Kiss of Snow Page 26

Hawke stroked the wolf at his side, a beautiful creature of deepest black . . . the same shade as the much larger changeling wolf who prowled out to join the circle of watchers. Riaz. The SnowDancer lieutenant stared unblinking at the trespassers with eyes a startling shade akin to ancient gold.

“Depends what you define as sanctuary.” Hawke’s tone was easy, as if this was an everyday conversation. “I’m sure they no longer feel any pain . . . no longer feel anything.”

“Are you saying they’re dead?”

A faint smile. “Now, if I said that, I’d be admitting to murder.” He angled his head toward the woman, and Judd knew the wolf was assessing the truth of her. “Our legal team would frown on that.” Then he did something Judd would have never expected.

Throwing back his head, he howled—the sound eerily beautiful, seeming to come from a wolf’s throat, not a human’s. The wolves around him, wild and changeling, reacted in a split second, forelegs bunching as they launched themselves at the intruders. Only someone who’d been watching with utmost care would’ve seen that their lunge would have them streaming around the woman.

The Psy weren’t paying that kind of close attention. But the woman didn’t clamp her hand around her belly, didn’t try to shield her womb, didn’t attempt to protect her body in any way. Instead, she, like the others, slammed out a hand in a telekinetic thrust that shoved the wolves back . . . and teleported out.

At a speed that meant each had done their own personal teleport.

Judd hissed out a breath. There was no chance of four teleport-capable Tk-Psy—all of whom would’ve been pulled into the Council superstructure as youths—deciding to defect at the same time. No chance. It would provoke too much attention, incite too massive a search. No Council operative would make that mistake—and all four of the intruders had been standing in a battle-ready stance that revealed their training.

“Clear!” one of the SnowDancers called out, holding up a gadget Brenna and the other techs had put together to detect any surveillance devices in their territory.

Only then did Judd step out of concealment. “Somebody suspects we’re still alive.”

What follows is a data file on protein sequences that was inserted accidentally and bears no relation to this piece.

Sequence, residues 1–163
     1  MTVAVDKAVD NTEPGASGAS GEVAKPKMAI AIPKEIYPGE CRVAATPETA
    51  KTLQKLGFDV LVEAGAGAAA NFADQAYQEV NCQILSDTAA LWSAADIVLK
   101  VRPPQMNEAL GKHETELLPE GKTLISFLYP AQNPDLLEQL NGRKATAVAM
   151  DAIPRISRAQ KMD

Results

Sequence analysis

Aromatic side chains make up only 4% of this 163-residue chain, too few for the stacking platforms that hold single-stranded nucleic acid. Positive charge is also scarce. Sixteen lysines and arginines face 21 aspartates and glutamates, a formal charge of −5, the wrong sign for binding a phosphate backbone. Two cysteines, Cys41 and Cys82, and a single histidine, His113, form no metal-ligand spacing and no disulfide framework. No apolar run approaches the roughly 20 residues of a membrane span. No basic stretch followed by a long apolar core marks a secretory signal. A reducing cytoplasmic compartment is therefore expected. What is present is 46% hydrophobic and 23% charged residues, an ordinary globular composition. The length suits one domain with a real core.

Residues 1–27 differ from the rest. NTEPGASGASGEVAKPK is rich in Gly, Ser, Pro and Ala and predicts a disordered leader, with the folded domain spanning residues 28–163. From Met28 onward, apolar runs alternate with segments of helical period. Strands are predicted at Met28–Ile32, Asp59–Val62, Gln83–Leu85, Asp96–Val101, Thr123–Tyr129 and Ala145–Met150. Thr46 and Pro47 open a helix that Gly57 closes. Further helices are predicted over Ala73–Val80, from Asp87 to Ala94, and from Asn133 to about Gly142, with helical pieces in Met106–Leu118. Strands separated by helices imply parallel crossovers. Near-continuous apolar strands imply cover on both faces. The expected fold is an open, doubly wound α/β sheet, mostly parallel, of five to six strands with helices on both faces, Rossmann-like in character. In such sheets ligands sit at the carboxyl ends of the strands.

Hawke, having crouched down to stroke, touch, and play with the wild wolves that swarmed over him, now rose. “Our demonstration should put that rumor to rest.”

“Especially when it happens to be so close to the truth.”

Hawke’s grin was that of the wolf, amused and dangerous. “You’re lucky I was feeling mellow the day the five of you turned up in our territory.”

Judd knew now that Marlee and Toby had never been in any danger—the wolves balked at harming any child, even one who might be a threat. It was their Achilles’ heel, one the Council could not be allowed to discover, because they were fully capable of breeding and sending in child operatives. “Let me talk to my contacts, see if I can get an idea of who might’ve been behind the fishing expedition.”

“A Councilor has a hand in it somewhere with all those Tks.”

“There is a second option.”

When Hawke turned to him in question, he said, “I didn’t recognize them, but it’s possible they were recruited into the squad after I left.” Arrows didn’t turn against their own, but Judd had defected and, in so doing, broken the covenant. “They might be hunting me.” Feeling a wolf brush against him as he finished speaking, he glanced down at Riaz, who’d wandered over from the other side of the clearing. “Yes?”

But the lieutenant was only interested in Hawke, walking over to sniff at the alpha. Judd was certain he saw the black wolf grin before Hawke warned him off with a low growl. Judd didn’t have changeling senses but he had a brain. Still, he made no comment. Not yet.

IT was late when Hawke returned to the den. He should’ve gone to bed, but instead he tracked a certain scent through the corridors until he located Sienna in the same training room where he’d watched her once before. This, the thing between him and Sienna, he didn’t know where it was going, and yeah, his guilt at claiming her when he had so little to offer continued to be a claw raking his gut—but as proven by his inability to keep his distance, ignoring it was no longer an option.

As for the guilt? Turned out it stood no chance against the piercing pleasure he derived from being in her presence. Locking the door behind himself now, he sat down on a bench to savor the sight of her moving with such lithe grace. “Couldn’t sleep?” he asked when she saw him and halted.

She pushed a flyaway tendril out of her eyes. “I was worried.” A statement without sophistication, stark in its honesty. “I wanted to telepath Judd, but I knew he wouldn’t tell me anything without authorization.”

Protecting his own was instinct, but this was her life—a life she’d fought for from the start. He wasn’t about to handicap her by leaving her blind to a possible threat.

She sucked in a breath as he started giving her the rundown, her face going pale under those intriguing freckles she’d gained during the summer months. “Me,” she whispered. “I’ve given us away.”